Each week, ESPN.com.au AFL draft expert Chris Doerre casts his eye over the country's best junior footballers to give readers an early insight into the next generation of AFL stars.
As well as attending live games, Doerre pores through match vision, analyses the stats and talks to industry sources to ensure he can offer the most insightful draft analysis.
Aside from the weekly wraps, Doerre will also unveil his power rankings at the end of each month and as we get closer to November's national draft, Doerre will also predict who goes where with his annual phantom draft.
Improving his draft stocks, Josh Fahey was one of the few highlights for AFL Academy in their 130-point loss to Geelong's VFL side. Winning the MCC President's Medal, Fahey, the Greater Western Sydney Academy product took the bulk of the kickouts for the AFL Academy and impressed on his left foot with his penetration and precision kicking. Fahey's point of difference is his kick which has penetration out to 65 metres. Often found on offensive drives running in support, Fahey's role was to drive the football forward with his run and penetrating kick and to be available to receive handballs on the move and launch the football forward with momentum.
A rebounding defender, Fahey is in the first-round mix. Amassing 23 disposals and nine rebound 50s, there are hints with Fahey's play that remind you of Trent McKenzie. While Fahey spent time on a wing during the second half, his game is best suited to playing in defence, as he's someone who is so good taking kickouts that you don't want to ball in anyone else's hands.
Fahey showed against Geelong's VFL side that he is more than a one-trick-pony, winning one-on-one contests against VFL opposition in defence, and reading the ball well to take intercept marks.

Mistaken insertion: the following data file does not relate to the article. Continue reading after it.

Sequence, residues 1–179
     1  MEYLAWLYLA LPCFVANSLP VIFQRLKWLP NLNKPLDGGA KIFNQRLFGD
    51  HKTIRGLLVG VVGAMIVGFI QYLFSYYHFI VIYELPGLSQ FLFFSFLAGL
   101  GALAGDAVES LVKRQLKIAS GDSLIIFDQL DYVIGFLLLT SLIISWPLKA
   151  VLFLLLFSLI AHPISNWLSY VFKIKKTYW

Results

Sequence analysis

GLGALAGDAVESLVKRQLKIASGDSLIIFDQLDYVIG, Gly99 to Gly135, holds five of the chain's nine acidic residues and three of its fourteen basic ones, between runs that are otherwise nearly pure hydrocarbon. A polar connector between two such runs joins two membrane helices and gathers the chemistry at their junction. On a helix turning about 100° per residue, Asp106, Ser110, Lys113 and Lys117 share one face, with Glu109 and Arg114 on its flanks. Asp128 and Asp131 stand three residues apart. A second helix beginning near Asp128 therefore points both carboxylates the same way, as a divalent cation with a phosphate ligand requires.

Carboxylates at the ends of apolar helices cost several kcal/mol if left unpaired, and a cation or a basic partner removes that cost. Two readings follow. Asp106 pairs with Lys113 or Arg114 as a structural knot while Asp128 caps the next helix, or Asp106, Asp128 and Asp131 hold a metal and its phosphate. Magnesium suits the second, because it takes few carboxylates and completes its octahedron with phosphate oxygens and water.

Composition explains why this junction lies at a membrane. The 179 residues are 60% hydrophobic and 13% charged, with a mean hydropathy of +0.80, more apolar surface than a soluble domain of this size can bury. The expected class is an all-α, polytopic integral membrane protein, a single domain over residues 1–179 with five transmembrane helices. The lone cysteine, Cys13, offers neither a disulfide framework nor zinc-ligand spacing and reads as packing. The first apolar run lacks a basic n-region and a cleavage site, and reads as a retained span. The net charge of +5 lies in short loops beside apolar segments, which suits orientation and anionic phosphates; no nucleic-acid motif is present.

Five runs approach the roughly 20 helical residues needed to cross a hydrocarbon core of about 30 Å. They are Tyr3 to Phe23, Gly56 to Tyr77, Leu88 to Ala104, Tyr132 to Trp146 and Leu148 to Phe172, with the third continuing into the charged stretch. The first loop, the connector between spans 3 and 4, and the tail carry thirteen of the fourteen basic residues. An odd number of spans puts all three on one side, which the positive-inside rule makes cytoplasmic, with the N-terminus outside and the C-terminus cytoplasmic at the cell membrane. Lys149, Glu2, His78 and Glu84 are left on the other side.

The next stage in Fahey's development will be adding additional weapons to his game that enable him to find more of the football and increase his already high frequency of impact offensively. Specifically, if he improves his contested ball winning, develops further as an intercept mark, and puts himself in positions to more frequently provide a link-up-option, he'll cause problems for rival teams at AFL level.
FOUR THINGS I LEARNED
Mac Andrew won fans with his final quarter performance for the AFL Academy. With his getting pummelled, Andrews not only continued competing, but dominated once inserted into the ruck during the final quarter. His leap, ruck craft and soft hands stood out and screamed long-term AFL ruckman, and he routinely outleapt his Geelong rivals and tapped the ball down to the advantage of his midfielders. His touch below his knees and tackling suggested further promise. A Melbourne Next-Generation Academy prospect, Andrew at 200cm, 77kg will require time developing. As he develops physically, because of his mobility, skills, clean hands below his knees, and reading of the ball in flight and contested marking, he has the scope to develop as a key forward or key defender before transitioning into a ruckman. The developing tall managed nine disposals, three marks (one contested), two clearances and five hitouts. If Andrew continues developing and attracts a bid inside the top-20 in this year's draft, Melbourne may be the first victim of the new Next-Generation Academy rules which state that those bid on inside the top-20 cannot have their bid matched.